Showing posts tagged research | Show all posts

Two New Research Publications from Fractured Atlas

A couple of years ago, we redesigned our fiscal sponsorship annual report to match up more closely with the format of the Cultural Data Project, an emerging data standard for cataloging financial, operational and programmatic information relating to arts nonprofits. In September 2012, we reaped the first fruits of that evolution in the form of [...]

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Come be nerdy with us in Santa Cruz!

Have you ever wondered what all this impact assessment and evaluation stuff is all about, but haven’t been sure how to get started? We bet you’re not alone! That’s why we’re psyched to be involved with a great and affordable professional development event happening this summer in gorgeous Santa Cruz, CA, called Museum Camp 2014: [...]

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Fractured Atlas as a Learning Organization: An Introduction

If you’ve been paying any attention at all to technology trends the past few years, you know that we live in the era of Big Data. All of those videos we upload to YouTube, hard drives we fill with government secrets (or cat photos, take your pick), and tweets we awkwardly punch out on touchscreen [...]

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“Discovering Fiscally Sponsored NYC Dancemakers”

That’s the title of the new study published this month by Dance/NYC and produced by yours truly, with (lots of) help from Fractured Atlas Research Fellow Carrie Blake and Dance/NYC Director Lane Harwell. The study examines data from over 250 dance-related projects fiscally sponsored by Fractured Atlas, The Foundation for Independent Artists/Pentacle, New York Foundation for [...]

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In Defense of Logic Models

Photo by 7073k
Last month, my post Creative Placemaking Has an Outcomes Problem generated a lot of discussion about creative placemaking and grantmaking strategy, much of it really great. If you haven’t had a chance, please check out these thoughtful and substantive responses by–just to name a few–Richard Layman, Niels Strandskov, Seth Beattie, Lance Olson, Andrew [...]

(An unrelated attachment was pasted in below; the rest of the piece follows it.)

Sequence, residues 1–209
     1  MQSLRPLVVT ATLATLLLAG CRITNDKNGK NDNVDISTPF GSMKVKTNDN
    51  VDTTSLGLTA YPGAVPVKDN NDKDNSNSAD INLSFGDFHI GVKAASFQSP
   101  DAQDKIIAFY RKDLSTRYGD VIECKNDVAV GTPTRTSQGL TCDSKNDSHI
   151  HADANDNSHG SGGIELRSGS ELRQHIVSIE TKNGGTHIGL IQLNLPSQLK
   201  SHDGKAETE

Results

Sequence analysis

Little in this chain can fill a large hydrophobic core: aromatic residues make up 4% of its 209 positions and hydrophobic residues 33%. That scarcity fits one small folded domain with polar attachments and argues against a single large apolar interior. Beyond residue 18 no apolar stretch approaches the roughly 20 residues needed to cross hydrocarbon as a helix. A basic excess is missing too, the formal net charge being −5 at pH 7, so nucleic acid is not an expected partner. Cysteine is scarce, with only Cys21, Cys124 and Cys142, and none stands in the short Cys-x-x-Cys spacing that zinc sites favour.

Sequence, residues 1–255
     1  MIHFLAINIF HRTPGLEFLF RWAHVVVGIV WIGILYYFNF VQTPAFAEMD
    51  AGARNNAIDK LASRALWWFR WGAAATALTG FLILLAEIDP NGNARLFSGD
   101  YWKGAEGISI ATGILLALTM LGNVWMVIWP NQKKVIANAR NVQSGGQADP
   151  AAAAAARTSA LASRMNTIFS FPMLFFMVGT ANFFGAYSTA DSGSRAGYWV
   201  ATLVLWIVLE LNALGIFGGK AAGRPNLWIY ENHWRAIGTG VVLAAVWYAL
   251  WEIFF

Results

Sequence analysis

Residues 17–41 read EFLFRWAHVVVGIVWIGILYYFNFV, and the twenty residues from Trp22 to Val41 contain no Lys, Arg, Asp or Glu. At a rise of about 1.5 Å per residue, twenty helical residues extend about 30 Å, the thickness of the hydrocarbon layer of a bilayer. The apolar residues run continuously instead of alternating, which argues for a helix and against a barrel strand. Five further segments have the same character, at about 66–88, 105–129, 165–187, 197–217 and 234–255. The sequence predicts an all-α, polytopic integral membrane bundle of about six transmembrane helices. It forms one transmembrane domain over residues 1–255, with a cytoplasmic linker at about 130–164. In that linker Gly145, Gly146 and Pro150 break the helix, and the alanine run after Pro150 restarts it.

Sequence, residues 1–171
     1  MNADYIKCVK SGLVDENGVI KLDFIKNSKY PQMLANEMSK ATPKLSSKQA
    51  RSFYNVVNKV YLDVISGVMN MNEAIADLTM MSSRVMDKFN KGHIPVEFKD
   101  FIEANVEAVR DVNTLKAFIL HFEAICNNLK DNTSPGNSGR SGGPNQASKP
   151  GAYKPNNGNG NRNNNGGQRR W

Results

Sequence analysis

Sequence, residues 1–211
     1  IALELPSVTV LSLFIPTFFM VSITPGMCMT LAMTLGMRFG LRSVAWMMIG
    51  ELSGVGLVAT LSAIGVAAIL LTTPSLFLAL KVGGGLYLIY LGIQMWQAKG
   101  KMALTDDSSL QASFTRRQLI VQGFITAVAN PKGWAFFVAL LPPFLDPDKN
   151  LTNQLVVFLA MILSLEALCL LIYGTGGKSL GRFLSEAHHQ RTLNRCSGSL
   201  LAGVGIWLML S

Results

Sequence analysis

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Creative Placemaking Has an Outcomes Problem

“I feel like whenever I talk to artists these days, I should be apologizing,” says Kevin Stolarick, Research Director for the Martin Prosperity Institute at the University of Toronto’s Rotman School of Management. To most in the arts community, Stolarick is better known as Richard Florida’s longtime right-hand man and research collaborator on his bestselling [...]

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Fractured Atlas Seeking Stellar Research Fellows

So maybe you saw yesterday’s External Relations Associate posting and you thought, “well, I do have phenomenal writing chops - but I also can make fireworks out of spreadsheets and am kind of obsessed with data in a borderline unhealthy way. Also, I’m not ready for a full-time commitment, and need the flexibility to work [...]

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Dispatch from the Bay Area, Part I: Navigating the Velocity of Change

(originally posted at Createquity.com)
A few weeks ago, I had the privilege of representing Fractured Atlas at the Grantmakers in the Arts Conference, an annual gathering of funders that is otherwise closed to non-grantmakers. This year’s conference was in San Francisco and San Jose, and below is a summary of some of the more stimulating sessions [...]

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An Ecosystem-Based Approach to Arts Research

(Part of an occasional series on Fractured Atlas’s research philosophy and practices. For more articles, click here.)
As those of you who have been following Fractured Atlas closely may know, we’ve been working on some innovative technological solutions for aggregating and analyzing data about the cultural sector for the past couple of years. This effort is [...]

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Whither the Time Machine? Considering the Counterfactual in Arts Marketing

(Cross-posted from the National Arts Marketing Project Conference Blog Salon over at ARTSBlog.)
The hardest question to answer in arts research is “what would have happened if we had done things differently?” Researchers call this question the “counterfactual,” since it refers to a scenario that doesn’t actually exist. Generally speaking, it’s hard to measure things that don’t [...]

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